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Harper appoints three failed candidates to Senate, two of them returnees

Stephen Harper has tabbed three people who couldn’t get elected to the Commons to help him bring elections to the Senate.

The prime minister sent three defeated Tory candidates to the upper house on Wednesday, including two who quit the Senate just two months ago to run for seats in the House of Commons.

Larry Smith and Fabian Manning are returning to the Senate along with Josee Verner, a former Harper cabinet minister. All three were defeated May 2.

Harper said the trio will support his government’s efforts to reform the Senate, including imposing eight-year term limits on senators and creating a process for electing them.

“Our government will continue to push for a more democratic, accountable and effective Senate,” he said in a news release.

But NDP Leader Jack Layton said there’s nothing democratic about appointing three people who were rejected by voters two weeks ago.

“This is wrong,”Layton said. “This is completely undemocratic. It’s a slap in the face of Canadian voters.

“Mr. Harper talks about Senate reform but he’s doing things in the same old way, in fact, even worse … The ink is barely dry on their rejection notices and they’re being appointed to the Senate.”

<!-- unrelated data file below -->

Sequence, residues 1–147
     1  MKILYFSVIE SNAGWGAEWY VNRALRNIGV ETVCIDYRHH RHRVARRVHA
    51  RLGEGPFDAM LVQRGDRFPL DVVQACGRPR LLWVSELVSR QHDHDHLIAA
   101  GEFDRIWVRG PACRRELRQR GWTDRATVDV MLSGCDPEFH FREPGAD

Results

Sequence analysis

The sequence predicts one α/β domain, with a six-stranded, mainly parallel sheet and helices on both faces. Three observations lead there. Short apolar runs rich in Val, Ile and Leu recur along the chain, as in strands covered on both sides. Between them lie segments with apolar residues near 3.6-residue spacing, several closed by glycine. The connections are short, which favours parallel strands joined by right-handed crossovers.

Layton said the appointments are symptomatic of the hypocrisy and “culture of entitlement” that pervades politics and breeds cynicism among voters.

“You should earn your place in the Senate and, if you can’t get elected, you shouldn’t be appointed to the Senate two weeks later, that’s for sure.”

Smith is back in the Senate after running third in a Montreal riding in the May 2 election. On election night, he said he had “no illusions of returning to the Senate because I have resigned and that was a condition of me running.”

The former commissioner of the CFL was considered a star recruit. He was first appointed to the Senate last December but resigned in March in order to run for the Commons.

Manning, a well-known Newfoundland politician, was first appointed to the Senate in 2009 after losing his seat in the 2008 election. He, too, resigned to run in the May 2 election, in which he finished a close second to Liberal Scott Andrews.

Verner had held various posts in Harper’s cabinet since 2006. She lost her Quebec City seat on May 2 to New Democrat Alexandrine Latendresse.

The appointments solidify Harper’s control over the 105-seat Senate. There are now 55 Conservative senators to the Liberals’ 45. There are four independents and one vacancy.

Harper announced the appointments in a news release shortly after speaking with reporters about his new cabinet. Marjory LeBreton, government leader in the Senate, was left to field questions about the new senators.

LeBreton said the voters were “not wrong” in rejecting all three, whom she praised as “outstanding” individuals. But she insisted Harper has no choice but to appoint senators until he can implement his promised reforms, which have been thwarted until now by minority parliaments.

“Until we have that new system, we will work with the system we have,” she said.

Duff Conacher of Democracy Watch, an advocacy group, said police should investigate whether Smith and Manning were promised reappointment to the Senate if they lost the election.

Under the Criminal Code, Conacher said, it’s illegal to entice parliamentarians to resign for reward or profit.